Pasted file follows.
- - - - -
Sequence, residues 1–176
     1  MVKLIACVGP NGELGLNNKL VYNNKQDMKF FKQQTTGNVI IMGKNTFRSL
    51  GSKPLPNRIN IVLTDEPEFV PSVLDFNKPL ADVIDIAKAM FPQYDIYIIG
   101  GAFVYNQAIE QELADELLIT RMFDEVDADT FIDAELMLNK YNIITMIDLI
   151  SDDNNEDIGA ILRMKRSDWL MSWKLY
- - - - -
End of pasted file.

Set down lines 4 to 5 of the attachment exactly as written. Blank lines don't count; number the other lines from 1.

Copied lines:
   101  GAFVYNQAIE QELADELLIT RMFDEVDADT FIDAELMLNK YNIITMIDLI
   151  SDDNNEDIGA ILRMKRSDWL MSWKLY